All About Amblyopia

Image of girl with eye patch.

Amblyopia, also known as lazy eye, is a visual disorder caused by abnormal vision development, often occurring during infancy. Patients with amblyopia have reduced vision in one eye, because it is not working properly in conjunction with the brain.

With early detection and proper treatment, loss of vision can be avoided for many children. However, when left untreated, amblyopia can cause significantly decreased visual acuity — including legal blindness.

What Causes Amblyopia?

When one eye sees clearly and the other does not, the brain tries to overcompensate for the one that does not see as well. Essentially, the brain begins to ignore images sent from the eye that does not see as well as its counterpart. The brain begins to favor the stronger eye over the other, and the eye that is not being used properly develops increasingly poor visual acuity, becoming the amblyopic eye.

Amblyopia can be caused by a variety of pre-existing conditions that prevents the amblyopic eye from focusing clearly.

Types of Amblyopia

Common types of amblyopia include the following:

Strabismic amblyopia is the most common type of amblyopia and is caused by poorly aligned eyes. If one eye is misaligned, the brain ignores visual input from that eye. This causes underuse in the eye with poorer visual acuity, leading to amblyopia in that eye, or lazy eye.

Refractive amblyopia can occur despite perfect eye alignment. In this case, amblyopia is caused by unequal refractive errors in the eyes. For example, one eye may have uncorrected nearsightedness or farsightedness while the other eye does not. In these cases, the brain depends on the eye with the less severe uncorrected error to see, and ignores the images transmitted from the other eye. This causes amblyopia in the underused eye.

Deprivation amblyopia is amblyopia caused by something that obstructs light from entering a baby’s eye. A congenital cataract is frequently responsible for this form of amblyopia, and proper treatment is necessary to support continued visual development.

Treatment

Amblyopia is not correctable with glasses or contact lenses alone. However, vision therapy is often an appropriate treatment option.

Vision therapy involves an individualized treatment program that is designed to correct or improve visual deficiencies. Vision therapy includes different techniques and eye exercises (depending on the vision deficiency being treated), such as patching the stronger eye to force the brain to pay attention to signals transmitted from the amblyopic eye, eye alignment exercises and eye teaming activities, which help correct and enhance the brain’s ability to communicate with the eyes. It has been found to be far more successful in treating amblyopia than eye surgery or corrective glasses alone.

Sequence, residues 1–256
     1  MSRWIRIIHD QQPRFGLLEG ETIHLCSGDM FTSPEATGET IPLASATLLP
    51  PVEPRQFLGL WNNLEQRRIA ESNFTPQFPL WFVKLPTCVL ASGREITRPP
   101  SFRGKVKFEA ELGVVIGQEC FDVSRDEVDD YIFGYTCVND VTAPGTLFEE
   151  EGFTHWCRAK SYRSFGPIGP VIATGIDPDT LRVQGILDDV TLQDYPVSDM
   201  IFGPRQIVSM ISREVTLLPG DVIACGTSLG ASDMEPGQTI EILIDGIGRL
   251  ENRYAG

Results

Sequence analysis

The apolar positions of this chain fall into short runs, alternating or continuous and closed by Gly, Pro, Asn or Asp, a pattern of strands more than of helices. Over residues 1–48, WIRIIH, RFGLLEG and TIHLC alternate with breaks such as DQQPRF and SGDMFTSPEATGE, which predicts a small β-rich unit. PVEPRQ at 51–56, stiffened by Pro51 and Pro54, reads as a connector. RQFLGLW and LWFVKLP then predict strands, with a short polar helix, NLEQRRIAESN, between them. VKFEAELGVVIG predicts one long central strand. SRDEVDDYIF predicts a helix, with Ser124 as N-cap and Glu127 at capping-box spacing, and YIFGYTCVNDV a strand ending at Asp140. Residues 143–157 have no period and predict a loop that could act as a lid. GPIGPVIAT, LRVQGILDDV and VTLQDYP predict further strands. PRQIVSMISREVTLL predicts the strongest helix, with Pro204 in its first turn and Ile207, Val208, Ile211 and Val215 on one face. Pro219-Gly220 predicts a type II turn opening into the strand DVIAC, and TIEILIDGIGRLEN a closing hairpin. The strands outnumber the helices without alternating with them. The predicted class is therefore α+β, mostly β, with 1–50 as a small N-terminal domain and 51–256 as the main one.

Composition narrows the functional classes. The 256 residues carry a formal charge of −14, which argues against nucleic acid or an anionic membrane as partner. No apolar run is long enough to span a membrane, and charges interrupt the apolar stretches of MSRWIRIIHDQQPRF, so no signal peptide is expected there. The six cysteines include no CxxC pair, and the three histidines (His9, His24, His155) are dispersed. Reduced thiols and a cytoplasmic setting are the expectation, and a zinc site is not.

The earlier a child with amblyopia enters vision therapy, the better. Research has long since disproven the popular belief that older children or even adults with amblyopia cannot be helped; however, it is best to begin treating amblyopia as soon as possible.

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Culpeper Office

Monday:

10:00 am-6:00 pm

Tuesday:

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Wednesday:

10:00 am-6:00 pm

Thursday:

10:00 am-6:00 pm

Friday:

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Saturday:

10:00 am-3:00 pm

Sunday:

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King George Office

Monday:

Closed

Tuesday:

10:00 am-6:00 pm

Wednesday:

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Thursday:

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Friday:

10:00 am-6:00 pm

Saturday:

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Sunday:

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Testimonials

Reviews From Our Satisfied Patients

  • "Dr. Press CARES about his patients, insurance or not AND he is the most thorough eye doctor I have ever been to. The prescription he gave me, made me see correctly, once again, I am so thankful. Dr Press and his staff are great!"
    Katrin H
  • "I'm so glad I changed eye doctors. I had been going to Dr. H by the hospital for a long time and he had given me a prescription for contacts that I tried and tried to wear with no success. Dr. Press gave the right "size" contacts and was able to walk out wearing the contacts with no problem! He has great manners and even took my blood pressure! Glad to have finally found a knowledgeable Optometrist I can SEE in a regular basis."
    Ines P
  • "I recently needed to change my vision prescription and was finally in need of bifocals. I went to see Dr. Miles Press for both convenience (local eye doctor) and because he accepted my insurance. I needed to have vision in my right eye adjusted several times, and several right lenses replaced. Dr.Miles Press worked tirelessly to make sure my vision was correct and I was never charged for each subsequent visit or lens replacement. I've never had an eye doctor like that before, that really cares and is fast and on the ball with knowledge to get you the correct prescription. He also cared that I went with Progressive lenses over bifocals because they provide three fields of view and eliminate the annoying line. To sum it up, an eye doctor that treats you like he would his own family is a rare experience. I will continue to go to Dr. Miles Press as long as he is in business and accepts my insurance. No question."
    Thomas C
  • "I didn't know my vision could change, and I also didn't know that I could see the world more clearly than how I was already seeing it! Dr. Press was professional and very helpful and educating! Highly recommend!"
    Karla N
  • "Dr. Miles Press was very professional, knowledgeable, and friendly. He explained a lot about my eye care that no Dr. has ever taken the time to do."
    Wendy S